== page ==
Join Jess Stratton for an in-depth discussion in this video Browsing on a public computer, part of Learning Computer Security and Internet Safety.
- There's a few extra considerations you need to take into effect when you're browsing on a public computer. And by that, I mean at a library or somebody else's house, any computer that's not your own, that other people are going to be using. The first thing is, when you sign into any internet accounts that you have, make sure you look at the Stay Signed In box. A lot of times, there's already a checkbox next to it. So when you fill in your username and password, if you don't uncheck this, then the next person that comes along will be signed in as you.
Or, if the next person to sit down also wants to log in to Etsy, your username can automatically be already populated into here. I'm going to close out of this. There's a special feature that all browsers have called private browsing. When you're sitting down at a public computer, this is something that you always want to turn on. Private browsing is a way of browsing the internet and not saving particular pieces of information along the way. For example, when you start a private browsing session, any pages that you visit will not be saved.
Any URLs in this URL bar will not be saved. Anything you type into a Google search bar or any other search engine, any password that you type in, also any cookies that you encounter along the way and that you pick up from websites will not be saved to track you. It's a great thing to do and it's a very good habit to get into when you sit down at a public computer to always turn on private browsing. So let's do that from a few different browsers. In Internet Explorer, click the gear icon on the top right hand side and select Safety.
In the Safety menu, choose InPrivate Browsing. This is going to pop up a new window, and I'm gonna click the middle button at the top to maximize it. Now that we've started an InPrivate Browsing session, we'll know that we're always doing it because of this blue icon on the left hand side. So now we can type Google, and I can start a private browsing session. Anything I put into the search box is not going to be saved, and any website that I visit from this URL bar is not going to be saved. When I'm done, to close out of my private browsing session, I can simply close out of this window.
So that's Internet Explorer, let's look at Google Chrome. To start a private browsing session using Google Chrome, click the three lines in the top right hand side of the page and choose New Incognito Window. It works the exact same way as Internet Explorer. Also, when you're using Mozilla Firefox, which I've just launched, click the same three lines in the top right hand side, except this time choose New Private Window. It's going to start up a new private browsing window. The last thing that you need to remember is that when you're signed into an account, before you're done walking away from that public computer, even if you're using a private browsing session, because this is just a good habit to get into, is to always log off first.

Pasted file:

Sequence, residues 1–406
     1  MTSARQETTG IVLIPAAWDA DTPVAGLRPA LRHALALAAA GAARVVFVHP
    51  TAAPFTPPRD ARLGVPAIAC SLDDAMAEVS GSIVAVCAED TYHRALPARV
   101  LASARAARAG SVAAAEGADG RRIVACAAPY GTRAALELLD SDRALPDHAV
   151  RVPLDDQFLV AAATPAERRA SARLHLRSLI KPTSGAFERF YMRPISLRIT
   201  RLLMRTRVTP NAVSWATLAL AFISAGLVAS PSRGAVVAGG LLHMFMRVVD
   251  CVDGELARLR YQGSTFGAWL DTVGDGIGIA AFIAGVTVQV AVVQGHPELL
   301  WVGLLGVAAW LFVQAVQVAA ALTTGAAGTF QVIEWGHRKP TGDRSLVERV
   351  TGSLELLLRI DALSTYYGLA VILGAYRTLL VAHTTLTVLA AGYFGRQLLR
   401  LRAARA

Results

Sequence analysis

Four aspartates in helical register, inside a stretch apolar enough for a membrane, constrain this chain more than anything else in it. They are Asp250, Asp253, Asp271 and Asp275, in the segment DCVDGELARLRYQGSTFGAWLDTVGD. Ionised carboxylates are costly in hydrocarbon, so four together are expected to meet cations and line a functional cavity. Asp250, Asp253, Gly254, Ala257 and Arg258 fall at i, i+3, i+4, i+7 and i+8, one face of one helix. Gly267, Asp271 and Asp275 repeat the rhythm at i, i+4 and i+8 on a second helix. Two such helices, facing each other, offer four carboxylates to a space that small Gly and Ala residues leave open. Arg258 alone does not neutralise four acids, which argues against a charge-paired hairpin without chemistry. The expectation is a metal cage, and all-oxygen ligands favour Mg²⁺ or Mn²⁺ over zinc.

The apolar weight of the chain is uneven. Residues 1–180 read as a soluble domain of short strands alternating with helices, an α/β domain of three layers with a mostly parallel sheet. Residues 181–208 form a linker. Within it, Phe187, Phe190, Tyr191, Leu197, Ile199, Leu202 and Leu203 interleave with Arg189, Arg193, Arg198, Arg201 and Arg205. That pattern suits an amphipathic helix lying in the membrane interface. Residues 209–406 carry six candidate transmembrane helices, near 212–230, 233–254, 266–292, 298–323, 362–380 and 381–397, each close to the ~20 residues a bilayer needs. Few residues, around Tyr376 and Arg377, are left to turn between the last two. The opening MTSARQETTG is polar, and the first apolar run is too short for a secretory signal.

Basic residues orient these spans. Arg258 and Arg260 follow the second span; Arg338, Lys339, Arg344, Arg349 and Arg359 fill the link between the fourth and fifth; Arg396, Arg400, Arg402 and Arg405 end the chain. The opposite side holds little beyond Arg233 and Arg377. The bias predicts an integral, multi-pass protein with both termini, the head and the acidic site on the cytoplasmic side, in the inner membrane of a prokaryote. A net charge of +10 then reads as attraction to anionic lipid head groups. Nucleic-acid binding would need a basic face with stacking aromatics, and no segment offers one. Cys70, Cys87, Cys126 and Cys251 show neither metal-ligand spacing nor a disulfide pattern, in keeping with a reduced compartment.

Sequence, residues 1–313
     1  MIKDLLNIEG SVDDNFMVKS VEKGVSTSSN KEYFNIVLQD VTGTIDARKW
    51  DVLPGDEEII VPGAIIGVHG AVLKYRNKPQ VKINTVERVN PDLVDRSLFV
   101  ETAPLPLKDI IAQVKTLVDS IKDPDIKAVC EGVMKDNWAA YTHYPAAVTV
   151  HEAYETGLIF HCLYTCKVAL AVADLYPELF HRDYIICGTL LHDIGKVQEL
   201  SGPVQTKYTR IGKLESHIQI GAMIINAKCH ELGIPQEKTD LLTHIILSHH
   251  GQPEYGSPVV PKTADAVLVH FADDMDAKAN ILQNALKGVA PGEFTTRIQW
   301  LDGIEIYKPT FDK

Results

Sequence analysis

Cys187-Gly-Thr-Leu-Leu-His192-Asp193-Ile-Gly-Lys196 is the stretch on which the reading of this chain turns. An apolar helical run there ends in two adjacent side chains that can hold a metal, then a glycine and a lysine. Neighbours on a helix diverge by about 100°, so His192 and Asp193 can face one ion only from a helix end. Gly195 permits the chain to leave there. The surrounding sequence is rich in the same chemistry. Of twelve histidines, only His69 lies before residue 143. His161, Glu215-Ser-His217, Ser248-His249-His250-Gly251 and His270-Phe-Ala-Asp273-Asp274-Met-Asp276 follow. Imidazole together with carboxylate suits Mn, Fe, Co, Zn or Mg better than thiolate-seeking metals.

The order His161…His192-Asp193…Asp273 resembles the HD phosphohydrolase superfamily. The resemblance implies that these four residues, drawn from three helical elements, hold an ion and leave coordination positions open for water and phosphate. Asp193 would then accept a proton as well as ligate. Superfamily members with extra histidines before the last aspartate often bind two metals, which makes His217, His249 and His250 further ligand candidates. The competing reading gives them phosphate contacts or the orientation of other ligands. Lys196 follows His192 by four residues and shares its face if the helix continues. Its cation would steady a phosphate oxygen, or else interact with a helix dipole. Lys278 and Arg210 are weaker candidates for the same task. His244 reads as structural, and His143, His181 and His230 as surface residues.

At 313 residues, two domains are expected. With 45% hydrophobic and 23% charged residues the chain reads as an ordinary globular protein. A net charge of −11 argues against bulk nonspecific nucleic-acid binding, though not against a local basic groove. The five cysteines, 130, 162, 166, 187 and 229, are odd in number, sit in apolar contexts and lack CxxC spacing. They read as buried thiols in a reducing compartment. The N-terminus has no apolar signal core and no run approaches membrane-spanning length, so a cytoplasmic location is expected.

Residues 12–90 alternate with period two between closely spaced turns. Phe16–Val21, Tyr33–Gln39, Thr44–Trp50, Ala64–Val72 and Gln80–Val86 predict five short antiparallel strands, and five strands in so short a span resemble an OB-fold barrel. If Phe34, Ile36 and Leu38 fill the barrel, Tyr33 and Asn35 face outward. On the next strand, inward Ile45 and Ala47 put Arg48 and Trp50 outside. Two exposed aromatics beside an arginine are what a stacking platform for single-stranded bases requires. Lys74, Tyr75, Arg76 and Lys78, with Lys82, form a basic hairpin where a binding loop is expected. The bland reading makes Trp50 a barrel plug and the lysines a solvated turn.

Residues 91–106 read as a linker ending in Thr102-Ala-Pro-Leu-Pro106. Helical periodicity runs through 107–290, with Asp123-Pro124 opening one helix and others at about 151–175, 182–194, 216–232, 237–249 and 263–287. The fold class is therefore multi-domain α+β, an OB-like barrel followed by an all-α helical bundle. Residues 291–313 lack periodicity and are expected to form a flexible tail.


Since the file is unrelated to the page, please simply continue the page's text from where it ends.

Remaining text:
When you're signed in somewhere, look for the Sign Out button. It's usually on the top right hand side of the page, though not always. This way, it's ready to go for the next person, even if you've forgotten to close out of that private browsing window. Speaking of forgetting, if you did forget to turn on a private browsing session, that's okay. It's a hard habit to get into. But what we need to do before we walk away from that public computer, is to erase all our tracks of what we did while we were there. To do that, we can delete the browsing history, including a few extra options.
In Internet Explorer, I'm going to click the gear in the top right hand side and choose Internet Options. In the Browsing History section, I'm going to click Delete, and in addition to the default items that it wants to delete, I'm also going to check Download History, Form Data, which are things that I put into Google search boxes, and any saved passwords. Also, Tracking Protection. I'm going to talk about that in a later video. This is going to delete everything that was stored along the way while I was browsing.
I can click the Delete button, click OK, once it's done deleting, I can close out of the browser window, and I know that I have left no traces of what I had done while I was sitting at that public computer.
- Installing updates
- Using antivirus software and protecting against viruses
- Enabling Windows Firewall
- Using password-management software
- Encrypting files that contain sensitive data
- Securing your router and protecting the SSID
- Understanding the signs of a secure website
- Checking settings for Internet Explorer, Firefox, Chrome, and Safari
- Unsubscribing from email subscriptions
- Reviewing site privacy settings
- Browsing on a public computer
- Understanding cookies
- Protecting other people's names and locations
- Fact-checking email warnings